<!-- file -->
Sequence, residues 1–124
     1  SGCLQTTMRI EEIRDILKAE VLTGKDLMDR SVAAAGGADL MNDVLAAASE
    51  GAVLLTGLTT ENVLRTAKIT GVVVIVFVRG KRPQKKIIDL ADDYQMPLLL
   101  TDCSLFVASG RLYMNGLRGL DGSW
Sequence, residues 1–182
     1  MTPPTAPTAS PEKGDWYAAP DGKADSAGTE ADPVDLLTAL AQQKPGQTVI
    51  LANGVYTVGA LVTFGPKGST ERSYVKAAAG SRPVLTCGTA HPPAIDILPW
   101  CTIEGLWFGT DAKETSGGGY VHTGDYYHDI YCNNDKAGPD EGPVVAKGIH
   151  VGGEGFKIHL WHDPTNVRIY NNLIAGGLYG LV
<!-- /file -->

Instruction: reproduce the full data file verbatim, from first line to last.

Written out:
Sequence, residues 1–124
     1  SGCLQTTMRI EEIRDILKAE VLTGKDLMDR SVAAAGGADL MNDVLAAASE
    51  GAVLLTGLTT ENVLRTAKIT GVVVIVFVRG KRPQKKIIDL ADDYQMPLLL
   101  TDCSLFVASG RLYMNGLRGL DGSW
Sequence, residues 1–182
     1  MTPPTAPTAS PEKGDWYAAP DGKADSAGTE ADPVDLLTAL AQQKPGQTVI
    51  LANGVYTVGA LVTFGPKGST ERSYVKAAAG SRPVLTCGTA HPPAIDILPW
   101  CTIEGLWFGT DAKETSGGGY VHTGDYYHDI YCNNDKAGPD EGPVVAKGIH
   151  VGGEGFKIHL WHDPTNVRIY NNLIAGGLYG LV